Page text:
For spreading icing, put in small cups or bowls, mix in color. Use knifes or toothpicks to decorate.

    Use the icing before it gets too hard.

    Be creative, have fun, and eat your mistakes!"

Episode 5 — Jenny Venable on Cajun Identity and Food

Episode 5 — Jenny Venable on Cajun Identity and Food

September 28, 2020

This episode I talk with Jenny Venable about Cajun cultural identity, and the role food plays in the stories we tell ourselves about who we are and who is and isn’t in our culture.

 

Show Notes:

  • Louisiana has been hit hard by Hurricane Laura, including Lake Charles where Jenny currently lives (you can read about it here: https://on.natgeo.com/3mGHufL and here: https://nyti.ms/2RQbc3J). Please consider donating to https://www.the15whitecoats.org/. Their usual work is providing resources for students of color in medical school (which is a great cause on its own!), but one of their founders is actually from Lake Charles and donors can now earmark donations for Hurricane Laura relief.
  • Follow us on Twitter at @FoodThoughtPod, and you can drop us a line at ThoughtAboutFood on Gmail. Consider leaving us a review wherever you found us!
  • Jenny Venable was our guest today. Here's a link to her article on Cajun culinary imaginary that we talked about today. (If you don't think you have access to scholarly articles, email the podcast and I might be able to help you. A lot of people have access to journals and don't know it.)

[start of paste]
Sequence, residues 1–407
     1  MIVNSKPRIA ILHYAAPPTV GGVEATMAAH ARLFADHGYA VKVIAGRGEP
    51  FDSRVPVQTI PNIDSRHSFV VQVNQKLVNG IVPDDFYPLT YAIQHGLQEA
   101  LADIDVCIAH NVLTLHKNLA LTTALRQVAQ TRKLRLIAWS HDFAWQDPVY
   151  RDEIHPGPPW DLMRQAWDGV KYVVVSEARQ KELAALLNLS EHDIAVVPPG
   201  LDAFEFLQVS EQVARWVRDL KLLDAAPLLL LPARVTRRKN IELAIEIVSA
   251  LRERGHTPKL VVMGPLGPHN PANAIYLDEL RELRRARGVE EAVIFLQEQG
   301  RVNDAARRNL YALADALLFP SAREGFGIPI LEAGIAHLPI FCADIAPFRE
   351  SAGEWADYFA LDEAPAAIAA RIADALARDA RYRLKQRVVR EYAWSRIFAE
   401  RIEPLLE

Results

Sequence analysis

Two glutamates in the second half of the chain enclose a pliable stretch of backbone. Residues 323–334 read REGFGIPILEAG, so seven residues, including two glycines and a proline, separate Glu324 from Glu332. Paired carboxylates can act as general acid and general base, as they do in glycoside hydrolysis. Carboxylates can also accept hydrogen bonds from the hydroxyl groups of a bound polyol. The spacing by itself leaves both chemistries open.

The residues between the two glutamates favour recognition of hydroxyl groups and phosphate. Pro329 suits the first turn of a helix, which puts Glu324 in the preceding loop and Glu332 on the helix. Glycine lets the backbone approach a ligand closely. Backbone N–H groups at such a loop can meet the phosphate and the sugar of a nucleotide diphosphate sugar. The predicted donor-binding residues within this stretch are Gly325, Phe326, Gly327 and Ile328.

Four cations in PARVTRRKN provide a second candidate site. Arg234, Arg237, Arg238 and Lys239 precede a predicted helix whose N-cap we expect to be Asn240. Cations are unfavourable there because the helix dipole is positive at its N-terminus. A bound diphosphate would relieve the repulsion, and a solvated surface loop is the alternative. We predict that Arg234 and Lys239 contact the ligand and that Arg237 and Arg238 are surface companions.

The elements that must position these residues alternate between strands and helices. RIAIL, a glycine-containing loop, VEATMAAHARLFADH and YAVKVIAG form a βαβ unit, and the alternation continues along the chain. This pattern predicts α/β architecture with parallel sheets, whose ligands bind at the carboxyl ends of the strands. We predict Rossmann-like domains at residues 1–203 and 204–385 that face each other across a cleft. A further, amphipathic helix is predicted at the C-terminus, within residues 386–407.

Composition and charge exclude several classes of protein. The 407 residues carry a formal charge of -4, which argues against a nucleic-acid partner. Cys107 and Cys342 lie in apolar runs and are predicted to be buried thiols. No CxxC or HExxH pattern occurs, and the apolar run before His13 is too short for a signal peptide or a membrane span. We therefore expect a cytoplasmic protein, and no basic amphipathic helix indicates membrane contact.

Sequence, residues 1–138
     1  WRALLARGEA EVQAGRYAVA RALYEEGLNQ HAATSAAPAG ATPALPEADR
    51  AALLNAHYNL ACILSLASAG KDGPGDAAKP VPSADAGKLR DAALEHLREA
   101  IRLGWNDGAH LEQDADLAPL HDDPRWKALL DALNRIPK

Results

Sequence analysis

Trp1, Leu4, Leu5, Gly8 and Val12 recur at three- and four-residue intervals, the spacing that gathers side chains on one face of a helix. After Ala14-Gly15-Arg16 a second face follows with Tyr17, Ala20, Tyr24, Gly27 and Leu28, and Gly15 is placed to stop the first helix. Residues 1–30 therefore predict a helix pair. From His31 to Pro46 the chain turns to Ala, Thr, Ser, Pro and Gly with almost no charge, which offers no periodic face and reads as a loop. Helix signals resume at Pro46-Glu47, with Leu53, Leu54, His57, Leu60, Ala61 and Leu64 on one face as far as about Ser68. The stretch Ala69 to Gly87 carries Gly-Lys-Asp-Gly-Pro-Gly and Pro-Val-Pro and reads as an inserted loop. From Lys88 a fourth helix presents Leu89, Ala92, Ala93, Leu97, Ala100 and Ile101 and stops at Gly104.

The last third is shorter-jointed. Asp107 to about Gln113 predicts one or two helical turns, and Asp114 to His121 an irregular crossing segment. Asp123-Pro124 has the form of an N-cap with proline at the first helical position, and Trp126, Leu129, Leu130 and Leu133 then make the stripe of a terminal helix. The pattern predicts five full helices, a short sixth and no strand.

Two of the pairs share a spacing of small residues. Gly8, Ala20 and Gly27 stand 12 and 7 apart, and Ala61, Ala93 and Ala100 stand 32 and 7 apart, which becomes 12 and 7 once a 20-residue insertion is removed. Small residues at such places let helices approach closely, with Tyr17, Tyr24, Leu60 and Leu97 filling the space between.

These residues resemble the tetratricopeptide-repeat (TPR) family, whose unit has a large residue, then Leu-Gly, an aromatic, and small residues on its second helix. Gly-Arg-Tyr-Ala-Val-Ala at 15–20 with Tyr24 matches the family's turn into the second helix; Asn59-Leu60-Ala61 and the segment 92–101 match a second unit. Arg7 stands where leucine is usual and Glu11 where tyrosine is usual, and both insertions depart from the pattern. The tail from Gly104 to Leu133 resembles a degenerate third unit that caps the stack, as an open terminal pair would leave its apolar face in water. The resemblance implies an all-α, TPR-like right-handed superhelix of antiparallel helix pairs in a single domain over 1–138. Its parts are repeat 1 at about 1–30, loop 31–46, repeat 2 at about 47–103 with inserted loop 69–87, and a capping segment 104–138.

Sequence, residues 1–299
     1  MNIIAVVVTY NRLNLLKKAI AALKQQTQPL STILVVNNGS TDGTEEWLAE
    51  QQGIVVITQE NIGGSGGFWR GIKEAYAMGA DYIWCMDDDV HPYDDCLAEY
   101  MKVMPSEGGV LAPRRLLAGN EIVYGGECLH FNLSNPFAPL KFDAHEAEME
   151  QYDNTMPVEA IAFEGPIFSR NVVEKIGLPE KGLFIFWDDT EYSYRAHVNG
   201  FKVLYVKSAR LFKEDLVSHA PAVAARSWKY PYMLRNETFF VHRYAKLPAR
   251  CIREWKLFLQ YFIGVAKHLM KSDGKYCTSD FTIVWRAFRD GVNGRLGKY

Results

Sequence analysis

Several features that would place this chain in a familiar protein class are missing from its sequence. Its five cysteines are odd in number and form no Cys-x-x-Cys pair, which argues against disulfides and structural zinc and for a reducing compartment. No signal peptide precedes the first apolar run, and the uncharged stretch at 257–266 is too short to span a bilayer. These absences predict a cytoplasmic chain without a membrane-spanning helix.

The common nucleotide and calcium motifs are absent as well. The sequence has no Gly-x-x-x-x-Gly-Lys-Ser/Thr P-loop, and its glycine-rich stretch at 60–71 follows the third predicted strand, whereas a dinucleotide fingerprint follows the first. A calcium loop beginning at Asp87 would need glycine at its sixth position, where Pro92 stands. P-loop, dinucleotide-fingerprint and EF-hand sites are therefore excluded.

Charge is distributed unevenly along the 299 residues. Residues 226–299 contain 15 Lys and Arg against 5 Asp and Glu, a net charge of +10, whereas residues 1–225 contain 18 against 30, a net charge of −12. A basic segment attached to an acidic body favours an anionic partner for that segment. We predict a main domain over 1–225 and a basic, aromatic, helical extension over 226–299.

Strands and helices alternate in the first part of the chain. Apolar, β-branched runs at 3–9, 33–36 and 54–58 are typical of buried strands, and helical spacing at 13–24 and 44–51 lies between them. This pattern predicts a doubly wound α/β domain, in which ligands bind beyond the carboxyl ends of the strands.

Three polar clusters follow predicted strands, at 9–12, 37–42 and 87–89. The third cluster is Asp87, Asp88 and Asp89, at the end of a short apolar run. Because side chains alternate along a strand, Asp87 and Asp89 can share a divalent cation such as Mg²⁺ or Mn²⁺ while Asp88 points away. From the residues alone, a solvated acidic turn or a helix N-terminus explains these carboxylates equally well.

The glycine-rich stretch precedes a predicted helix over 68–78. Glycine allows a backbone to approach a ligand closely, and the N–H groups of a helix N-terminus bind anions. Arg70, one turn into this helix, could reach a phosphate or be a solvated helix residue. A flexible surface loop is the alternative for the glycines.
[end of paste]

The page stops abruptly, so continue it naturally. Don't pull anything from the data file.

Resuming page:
• The intro and outro music is "Whiskey Before Breakfast" which is both a great traditional song and a good sentence to put on a vision board. It was performed and shared by The Dan River Ramblers under a Creative Commons license.
  • Here's Jenny's recipe (which by the way was fantastic!):

    "Growing up, meatball stew was one of my all-time favorite dishes, which my mama made pretty frequently. It was always served over white rice, and we often had sliced cantaloupe, canned green beans, and corn on the side. I chose to share this particular recipe because it is now one that I make pretty regularly for my family. I went many years after first becoming vegetarian without eating the comforting traditional recipes that I had grown up with because meat is often the main ingredient in Cajun dishes. But one day, when I was really missing some of my favorite meals, I decided to try my hand at veganizing them. Not only did making vegan Cajun food give me a strong sense of nostalgia, but they came out delicious. Since then, I have been veganizing my favorite Cajun recipes, which have always reminded me of home. At this point, I am trying to rethink traditional Cajun dishes in a way that is more sustainable and ethical, while recognizing and honoring the power that particular foodways continue to have in maintaining important cultural and social connections to our historical memories, our familial relationships, and to the land."

     

    Vegan Cajun Meatball Stew

     

    Ingredients:

    • 1 ½ cups peeled and chopped potato
    • 1 cup of chopped carrot
    • white rice cooked according to instructions

     

    For the meatballs:

    • 16 oz beefless ground (2 packs of beyond meat burgers OR 1 pack of beyond meat “beyond beef”)
    • ¼ finely chopped onion
    • ¼ cup chopped green onion
    • ⅓ cup breadcrumbs